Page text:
Psychology of Youth Football: Motivating Young Players
- Updated: February 6, 2017
In youth football it is imperative that you learn the basic skills of the game such as catching, blocking, throwing, kicking, and tackling. It is also important for a child to learn the rules in order to understand the game better, as well as different plays and various formations. That is all well and good, those are all very important aspects to the game of football. However, I will be shedding light upon another crucial part of football and that is the psychological aspect. My goal as a coach was always to not only teach the children football to the best of my ability, but also to make young men out of them. As a former player myself I learned valuable life skills such as leadership, confidence, discipline, and respect. That is exactly the qualities I hope to instill within all the players I coach because football can be so much more than a game if you do things the right way.
I coach with YFO co- founder Coach Jeff and we, along with the rest of our amazing coaching staff, have taken children who knew nothing about football and made them into good players and more importantly even better people. We emphasize education at our practices and speak upon how important that is in life and how school always comes first. Football is about getting the most out of your players no matter what skill level they are at. Life is not measured by wins and losses it is measured by being a respectful human being, and a leader within your own life and the lives of others. We try to teach our players about resiliency. To quote Coach Jeff, “It’s not how you start, it is how you finish.” Meaning that life can knock you down a few times but it’s how fast you get back up after getting knocked down that truly matters.
I personally as a coach enjoy focusing on the psychological process of all my players, it is something I find important to their development. For example, when we have had a tough week of practice, some players just aren’t getting the plays, or we have suffered a tough loss during the season. I often will notice a lot of the players hanging their heads and this I don’t like to see. I have taken kids individually to the side and told them to calm down and encourage them that we are all in this together and that they can do this if they focus and put their mind to it. Encouragement is very important to the player gaining their confidence back because then they know that they have a support system of coaches and a family of players behind them to pick themselves back up.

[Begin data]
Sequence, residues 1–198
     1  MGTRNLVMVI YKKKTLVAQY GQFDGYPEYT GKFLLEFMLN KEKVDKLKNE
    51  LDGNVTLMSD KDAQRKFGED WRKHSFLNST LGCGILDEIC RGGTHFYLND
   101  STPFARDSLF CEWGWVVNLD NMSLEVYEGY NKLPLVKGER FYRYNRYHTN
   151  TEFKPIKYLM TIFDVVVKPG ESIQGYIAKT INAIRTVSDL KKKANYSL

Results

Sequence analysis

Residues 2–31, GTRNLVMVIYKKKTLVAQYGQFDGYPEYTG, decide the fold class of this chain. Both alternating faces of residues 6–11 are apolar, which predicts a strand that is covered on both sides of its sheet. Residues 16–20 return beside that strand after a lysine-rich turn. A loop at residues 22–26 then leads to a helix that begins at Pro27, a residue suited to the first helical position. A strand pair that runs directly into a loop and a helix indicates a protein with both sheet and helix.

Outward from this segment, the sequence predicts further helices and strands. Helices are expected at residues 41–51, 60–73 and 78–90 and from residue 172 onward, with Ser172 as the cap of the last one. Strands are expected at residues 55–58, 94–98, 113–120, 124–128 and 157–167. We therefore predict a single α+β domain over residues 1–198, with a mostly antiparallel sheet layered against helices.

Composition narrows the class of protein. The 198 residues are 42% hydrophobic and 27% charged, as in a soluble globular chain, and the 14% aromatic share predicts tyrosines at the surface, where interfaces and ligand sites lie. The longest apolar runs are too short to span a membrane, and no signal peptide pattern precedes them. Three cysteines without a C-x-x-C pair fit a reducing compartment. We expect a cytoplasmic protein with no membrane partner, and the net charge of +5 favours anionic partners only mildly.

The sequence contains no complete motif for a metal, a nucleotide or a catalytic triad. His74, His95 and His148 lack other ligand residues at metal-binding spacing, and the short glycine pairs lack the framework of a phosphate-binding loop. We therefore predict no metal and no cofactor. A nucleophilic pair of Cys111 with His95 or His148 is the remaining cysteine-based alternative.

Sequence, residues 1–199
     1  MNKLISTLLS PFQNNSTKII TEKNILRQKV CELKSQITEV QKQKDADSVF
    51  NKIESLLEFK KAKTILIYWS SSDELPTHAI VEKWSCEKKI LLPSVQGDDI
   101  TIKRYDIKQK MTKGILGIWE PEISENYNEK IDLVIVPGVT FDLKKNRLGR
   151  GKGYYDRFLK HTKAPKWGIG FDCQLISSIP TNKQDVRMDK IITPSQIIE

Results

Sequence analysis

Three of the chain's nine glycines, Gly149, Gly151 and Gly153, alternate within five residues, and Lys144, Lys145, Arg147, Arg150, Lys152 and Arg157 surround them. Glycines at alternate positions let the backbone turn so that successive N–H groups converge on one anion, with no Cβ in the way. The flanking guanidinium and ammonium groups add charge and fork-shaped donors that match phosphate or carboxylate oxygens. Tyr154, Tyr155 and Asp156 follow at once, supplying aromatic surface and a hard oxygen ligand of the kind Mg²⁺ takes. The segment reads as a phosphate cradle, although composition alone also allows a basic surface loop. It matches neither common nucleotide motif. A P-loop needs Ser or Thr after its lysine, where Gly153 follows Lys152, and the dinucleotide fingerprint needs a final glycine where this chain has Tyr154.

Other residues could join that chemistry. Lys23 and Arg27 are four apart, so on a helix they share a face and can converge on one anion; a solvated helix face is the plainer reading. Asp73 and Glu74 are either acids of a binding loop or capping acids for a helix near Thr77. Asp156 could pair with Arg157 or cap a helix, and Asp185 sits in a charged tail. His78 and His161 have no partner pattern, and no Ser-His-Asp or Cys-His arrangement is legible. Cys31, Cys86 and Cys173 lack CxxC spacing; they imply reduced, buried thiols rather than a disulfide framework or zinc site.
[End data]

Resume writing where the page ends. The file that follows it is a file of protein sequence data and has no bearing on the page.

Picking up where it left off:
In conclusion, as a coach of these young players I just try to get the most out of them all and I want them to want to push themselves to the max for not only themselves but for the team, the coaches, and their parents. I have talked to the whole team when things have been tough and I have told them that they do not come out here and work this hard to settle for anything less than greatness. I seek for my players to be great at everything they do, not just football but at life as well. When people ask me if I coach football I tell them no, I coach life because that’s what we do. We coach life lessons and bring children to levels that everyone should expect of themselves, football is family and that’s exactly what we make it.
(See Also) Coaching Beyond the X’s and O’s